Culture At Large

Terry Jones, Steve Stone and discussing Islam with your kids

Amy Adair

After 9/11, Muslims in airports made me nervous. Even 11 years later, I struggle with fears of hijacked planes, American flags burnt by angry crowds and smoldering ashes from a suicide bomber's attack.

My children, all born post 9/11, live in a world where shoes and belts can conceal explosive devices, the enemy doesn’t wear a uniform and soldiers and civilians alike may fall under attack. My children live in a world where homegrown terrorists are the norm and jihad isn’t a foreign word. Their world is fragile.

Yet I don’t want them to live in fear and ignorance. Muslims are part of their everyday lives. They go to the same schools, ride bikes on the same paths and play on the same little league teams.

I want my children to grow to love their neighbors. And, yes, this includes our neighbors who dress in hijab. However, if we believe the religion of Islam is contrary to the core beliefs of Christianity, how do we help our children to understand those differences and still teach them to love their neighbors?

There are Christian pastors sparking debate while trying to answer this very question. Steve Stone, the pastor at Heartsong Church in Cordova, Tenn., made a sign welcoming his neighbors at the Memphis Islamic Center. But he took his welcome a step further and allowed them to use the church as a mosque during Ramadan while their own Islamic Center was under construction.

On the opposite end of the spectrum is Terry Jones, the Florida pastor who in March burned the Quran publicly, resulting in violence in the Middle East. Afterward, people were killed in riots in Afghanistan and schools were burned. Jones is not finished. He now plans to protest Friday outside a Dearborn, Mich., mosque, although he has been ordered to appear in court today to seek legal approval from the city.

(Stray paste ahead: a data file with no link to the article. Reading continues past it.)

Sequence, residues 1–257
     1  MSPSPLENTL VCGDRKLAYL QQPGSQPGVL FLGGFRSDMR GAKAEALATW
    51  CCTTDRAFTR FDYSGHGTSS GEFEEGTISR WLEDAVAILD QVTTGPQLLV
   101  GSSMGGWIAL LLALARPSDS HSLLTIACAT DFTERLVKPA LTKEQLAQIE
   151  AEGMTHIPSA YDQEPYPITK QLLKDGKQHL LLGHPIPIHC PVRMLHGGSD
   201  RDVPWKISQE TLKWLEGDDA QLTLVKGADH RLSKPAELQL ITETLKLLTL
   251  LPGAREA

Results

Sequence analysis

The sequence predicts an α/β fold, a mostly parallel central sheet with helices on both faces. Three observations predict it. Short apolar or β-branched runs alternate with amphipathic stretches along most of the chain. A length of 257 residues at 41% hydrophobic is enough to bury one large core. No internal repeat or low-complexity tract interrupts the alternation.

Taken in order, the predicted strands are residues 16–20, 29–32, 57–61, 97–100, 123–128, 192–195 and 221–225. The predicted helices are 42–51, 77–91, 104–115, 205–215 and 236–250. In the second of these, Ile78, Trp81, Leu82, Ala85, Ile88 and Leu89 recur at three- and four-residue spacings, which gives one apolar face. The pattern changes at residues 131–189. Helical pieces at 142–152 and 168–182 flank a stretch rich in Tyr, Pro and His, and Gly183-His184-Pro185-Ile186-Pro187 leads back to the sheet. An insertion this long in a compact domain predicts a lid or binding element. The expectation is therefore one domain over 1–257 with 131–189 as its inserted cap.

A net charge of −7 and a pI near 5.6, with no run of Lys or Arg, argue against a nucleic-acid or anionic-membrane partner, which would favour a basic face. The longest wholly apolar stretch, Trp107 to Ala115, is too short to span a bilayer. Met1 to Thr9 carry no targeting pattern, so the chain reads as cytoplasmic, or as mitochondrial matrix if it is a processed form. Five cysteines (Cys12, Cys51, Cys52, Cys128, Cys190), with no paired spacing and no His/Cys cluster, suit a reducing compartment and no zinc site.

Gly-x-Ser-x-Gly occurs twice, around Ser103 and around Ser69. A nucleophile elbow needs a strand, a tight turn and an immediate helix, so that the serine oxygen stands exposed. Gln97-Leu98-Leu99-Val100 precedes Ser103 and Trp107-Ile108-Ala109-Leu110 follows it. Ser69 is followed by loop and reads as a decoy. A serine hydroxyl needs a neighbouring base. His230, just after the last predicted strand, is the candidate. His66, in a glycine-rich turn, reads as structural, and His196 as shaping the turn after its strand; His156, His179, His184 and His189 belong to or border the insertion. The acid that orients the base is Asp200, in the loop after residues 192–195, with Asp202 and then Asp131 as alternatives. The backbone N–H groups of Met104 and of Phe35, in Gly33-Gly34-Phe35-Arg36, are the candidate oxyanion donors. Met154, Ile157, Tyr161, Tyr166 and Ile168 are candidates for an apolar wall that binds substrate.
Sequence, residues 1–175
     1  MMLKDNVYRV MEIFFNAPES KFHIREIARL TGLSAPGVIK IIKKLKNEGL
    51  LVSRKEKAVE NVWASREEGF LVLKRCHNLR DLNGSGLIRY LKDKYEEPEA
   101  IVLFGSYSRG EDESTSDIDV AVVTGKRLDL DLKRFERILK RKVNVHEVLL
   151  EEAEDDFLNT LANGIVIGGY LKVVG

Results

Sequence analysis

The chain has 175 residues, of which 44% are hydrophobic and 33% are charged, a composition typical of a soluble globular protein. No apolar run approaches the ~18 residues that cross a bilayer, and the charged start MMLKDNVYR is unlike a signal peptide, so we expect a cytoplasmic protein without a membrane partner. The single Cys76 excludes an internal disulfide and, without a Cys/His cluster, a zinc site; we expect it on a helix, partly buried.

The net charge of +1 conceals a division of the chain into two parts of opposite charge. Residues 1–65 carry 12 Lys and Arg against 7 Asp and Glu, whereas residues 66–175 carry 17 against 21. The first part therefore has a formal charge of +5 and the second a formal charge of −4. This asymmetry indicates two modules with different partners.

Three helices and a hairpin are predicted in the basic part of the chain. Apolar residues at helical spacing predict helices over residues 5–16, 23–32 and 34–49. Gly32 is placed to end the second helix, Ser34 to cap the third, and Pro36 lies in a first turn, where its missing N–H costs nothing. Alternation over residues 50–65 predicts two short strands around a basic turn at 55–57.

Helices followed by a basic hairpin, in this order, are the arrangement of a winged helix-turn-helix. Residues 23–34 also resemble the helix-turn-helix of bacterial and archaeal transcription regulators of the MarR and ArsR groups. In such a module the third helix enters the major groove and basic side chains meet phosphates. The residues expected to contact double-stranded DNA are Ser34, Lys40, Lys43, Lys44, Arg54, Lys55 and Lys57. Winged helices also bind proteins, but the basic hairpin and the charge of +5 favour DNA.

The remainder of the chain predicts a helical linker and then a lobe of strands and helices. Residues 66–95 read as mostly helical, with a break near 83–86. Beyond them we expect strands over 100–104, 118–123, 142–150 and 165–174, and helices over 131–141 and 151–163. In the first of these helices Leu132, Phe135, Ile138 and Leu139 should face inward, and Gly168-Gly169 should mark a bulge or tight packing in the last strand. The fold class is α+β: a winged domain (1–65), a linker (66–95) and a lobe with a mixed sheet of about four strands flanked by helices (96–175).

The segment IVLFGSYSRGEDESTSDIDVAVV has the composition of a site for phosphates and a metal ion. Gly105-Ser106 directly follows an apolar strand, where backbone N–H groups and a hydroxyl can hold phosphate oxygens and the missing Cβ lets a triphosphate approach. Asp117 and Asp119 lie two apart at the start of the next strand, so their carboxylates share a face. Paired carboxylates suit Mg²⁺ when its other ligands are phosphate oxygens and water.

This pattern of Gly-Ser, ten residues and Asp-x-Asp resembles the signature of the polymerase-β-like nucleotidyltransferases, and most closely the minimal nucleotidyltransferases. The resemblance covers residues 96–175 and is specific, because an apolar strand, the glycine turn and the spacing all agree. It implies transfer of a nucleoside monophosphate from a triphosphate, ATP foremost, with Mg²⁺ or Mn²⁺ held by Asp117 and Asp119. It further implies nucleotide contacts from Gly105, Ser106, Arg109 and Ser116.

Jones claims he’s not against Muslims, but wants them to “honor, obey and submit to the constitution of the United States.” Jones says he’s worried about Sharia, or Islamic law, being established in the United States.

Two pastors, two radically different ways to respond to Islam. And I’m not sure either one of them is right. I want my kids to understand the differences between Islam and Christianity. Specifically, I want them to know that salvation comes not from anything that we do, but from faith in God’s sacrifice of his son, Jesus Christ, on the cross. My husband and I have also taught them that responding in violence and anger to those who are different from us, as Jones did, is not Christ-like.

But one of the most important things I want my children to understand is that God is in control all the time. My kids hear about terrorism on the news and see it in newspapers. As much as I try to protect them from it, it can’t be completely avoided. They will hear about extremists and threats against our country, and I want them to know that whatever may happen, everything throughout history will ultimately work toward God’s plan and glory.

One of my favorite verses that calms me in this chaotic world is Isaiah 14:24: “Surely, as I have planned, so it will be, and as I have purposed, so it will stand.” Verse 27 goes on to say, “His hand is stretched out, and who can turn it back?”

I love the imagery of God’s hand literally stretched out over the nations. Even in the turmoil and restlessness sweeping the world, sometimes driving me to fear, God’s hand is over it all. We may not understand it all, but he hasn’t left us. It is his hand and his purpose that should ultimately give us peace and hope.

That’s what I want to my children to know. God hasn’t left us, and there’s still work to be done to further his kingdom. I don’t condone Islam, nor do I want my children to, but it is our responsibility to love our neighbors, just as Christ first loved us.

Topics: Culture At Large, Theology & The Church, Faith, Theology, News & Politics, Social Trends, North America